2e Tuesday: How to end a sentence that begins with “I can’t…”

Guess who this is:

She has been called—by the Guinness Book of World Records, among others — the best-selling writer of books of all time and the best-selling writer of any kind, along with William Shakespeare. Only the Bible is known to have outsold her collected sales of roughly four billion copies of novels.

Do you know?

Do you know now?

What about now?

OK, I’ll tell you.

It’s Agatha Christie, author of an impressive work of literature.

Now, guess who this is:

“I, myself, was always recognized . . . as the “slow one” in the family. It was quite true, and I knew it and accepted it. Writing and spelling were always terribly difficult for me. My letters were without originality. I was…an extraordinarily bad speller and have remained so until this day.”

Yes, it’s Agatha Christie, again.

I think it’s safe to assume that Agatha Christie was firmly in the 2e league. Extraordinarily gifted in storytelling, as well as extraordinarily challenged in the processes (spelling, writing, organizing, etc.) of it.

That is a 2e kid in a nutshell…naturally gifted in so many ways, but always filtered through (at times) crippling learning differences that are the source of a huge amount of frustration.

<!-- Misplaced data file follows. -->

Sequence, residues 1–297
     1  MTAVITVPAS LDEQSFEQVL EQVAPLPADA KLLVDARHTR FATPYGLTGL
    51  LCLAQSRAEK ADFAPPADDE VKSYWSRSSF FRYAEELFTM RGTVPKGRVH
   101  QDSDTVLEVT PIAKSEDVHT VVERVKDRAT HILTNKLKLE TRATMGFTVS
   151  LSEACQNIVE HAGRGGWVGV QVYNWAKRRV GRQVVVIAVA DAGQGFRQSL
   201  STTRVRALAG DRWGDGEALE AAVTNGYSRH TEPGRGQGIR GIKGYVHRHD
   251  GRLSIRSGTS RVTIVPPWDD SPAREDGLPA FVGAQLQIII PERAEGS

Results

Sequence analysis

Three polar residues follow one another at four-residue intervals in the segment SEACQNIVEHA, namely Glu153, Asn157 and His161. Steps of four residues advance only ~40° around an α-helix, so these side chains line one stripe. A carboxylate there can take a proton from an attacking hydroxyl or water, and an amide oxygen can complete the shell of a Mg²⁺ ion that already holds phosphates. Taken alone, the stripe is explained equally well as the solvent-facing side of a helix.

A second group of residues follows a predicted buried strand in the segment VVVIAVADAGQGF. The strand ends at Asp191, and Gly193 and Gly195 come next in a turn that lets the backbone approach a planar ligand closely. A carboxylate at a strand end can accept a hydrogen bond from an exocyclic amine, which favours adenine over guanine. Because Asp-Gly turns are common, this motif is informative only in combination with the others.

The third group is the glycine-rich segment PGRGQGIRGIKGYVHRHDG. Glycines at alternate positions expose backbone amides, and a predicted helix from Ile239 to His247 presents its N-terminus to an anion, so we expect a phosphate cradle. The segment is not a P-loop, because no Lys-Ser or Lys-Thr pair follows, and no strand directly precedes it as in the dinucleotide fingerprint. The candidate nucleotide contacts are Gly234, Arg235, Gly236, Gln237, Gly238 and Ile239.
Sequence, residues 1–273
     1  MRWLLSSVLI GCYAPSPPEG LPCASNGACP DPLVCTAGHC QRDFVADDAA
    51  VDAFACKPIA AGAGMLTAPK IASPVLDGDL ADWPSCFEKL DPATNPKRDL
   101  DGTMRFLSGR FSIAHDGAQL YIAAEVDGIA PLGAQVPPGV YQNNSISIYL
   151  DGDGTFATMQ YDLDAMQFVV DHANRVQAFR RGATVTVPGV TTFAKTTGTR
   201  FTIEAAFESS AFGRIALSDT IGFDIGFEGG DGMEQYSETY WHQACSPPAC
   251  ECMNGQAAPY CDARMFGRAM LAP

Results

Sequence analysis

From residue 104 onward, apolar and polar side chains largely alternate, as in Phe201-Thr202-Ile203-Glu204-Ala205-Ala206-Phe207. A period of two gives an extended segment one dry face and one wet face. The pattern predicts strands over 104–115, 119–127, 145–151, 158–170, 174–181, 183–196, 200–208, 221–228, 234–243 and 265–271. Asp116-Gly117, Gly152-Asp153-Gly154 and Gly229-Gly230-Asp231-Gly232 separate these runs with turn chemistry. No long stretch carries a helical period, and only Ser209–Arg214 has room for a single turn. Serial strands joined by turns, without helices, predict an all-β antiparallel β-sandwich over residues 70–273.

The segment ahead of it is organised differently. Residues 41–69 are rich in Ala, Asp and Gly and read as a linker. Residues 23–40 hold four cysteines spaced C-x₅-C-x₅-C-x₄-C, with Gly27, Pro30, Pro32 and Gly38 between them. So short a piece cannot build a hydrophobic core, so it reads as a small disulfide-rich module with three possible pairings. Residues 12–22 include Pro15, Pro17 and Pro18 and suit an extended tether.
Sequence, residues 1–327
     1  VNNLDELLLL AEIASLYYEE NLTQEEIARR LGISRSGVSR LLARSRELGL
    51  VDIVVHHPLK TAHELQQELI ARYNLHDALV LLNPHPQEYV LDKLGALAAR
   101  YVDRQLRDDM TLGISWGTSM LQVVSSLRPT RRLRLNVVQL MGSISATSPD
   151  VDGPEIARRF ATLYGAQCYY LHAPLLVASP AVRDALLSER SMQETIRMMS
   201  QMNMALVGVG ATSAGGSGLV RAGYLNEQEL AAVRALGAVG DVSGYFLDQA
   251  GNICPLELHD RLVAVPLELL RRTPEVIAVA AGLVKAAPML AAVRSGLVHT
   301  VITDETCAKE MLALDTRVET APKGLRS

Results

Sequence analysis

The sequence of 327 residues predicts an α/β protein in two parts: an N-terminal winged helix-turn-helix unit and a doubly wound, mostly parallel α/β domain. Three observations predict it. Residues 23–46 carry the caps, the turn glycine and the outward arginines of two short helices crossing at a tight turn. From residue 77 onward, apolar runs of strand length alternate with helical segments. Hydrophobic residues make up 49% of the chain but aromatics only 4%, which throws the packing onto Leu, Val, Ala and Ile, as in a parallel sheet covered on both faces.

Not surprisingly, many of these kids are late bloomers…it takes a while to learn to work around the learning differences. Naturalist was around 11 before she could/would read a book. I found a mentor for her who understood reading issues and who herself hadn’t read before she was in high school. Now, she’s a reading specialist and helps other kids like Naturalist learn to work around their weaknesses to develop literacy.

Oftentimes math facts go unlearned, grades are less than stellar, notes are spotty and unorganized, written reports are illegible. There is a long line of gifted creative thinkers who either never made it to high school or dropped out after a short time.

These kids, who are intense, sensitive, and emotional anyway, are understandably driven both to succeed and frustrated at their inability to do so. Late bloomers wrestle with this dichotomy all their lives, and in the crux of that paradox are the seeds of their talents incubated.

In a great article about late bloomers, Malcolm Gladwell writes:

Twain fiddled and despaired and revised and gave up on “Huckleberry Finn” so many times that the book took him nearly a decade to complete. The Cézannes of the world bloom late not as a result of some defect in character, or distraction, or lack of ambition, but because the kind of creativity that proceeds through trial and error necessarily takes a long time to come to fruition.

The article goes on to point out:

On the road to great achievement, the late bloomer will resemble a failure: while the late bloomer is revising and despairing and changing course and slashing canvases to ribbons after months or years, what he or she produces will look like the kind of thing produced by the artist who will never bloom at all. Prodigies are easy. They advertise their genius from the get-go. Late bloomers are hard. They require forbearance and blind faith. (Let’s just be thankful that Cézanne didn’t have a guidance counsellor in high school who looked at his primitive sketches and told him to try accounting.) Whenever we find a late bloomer, we can’t but wonder how many others like him or her we have thwarted because we prematurely judged their talents.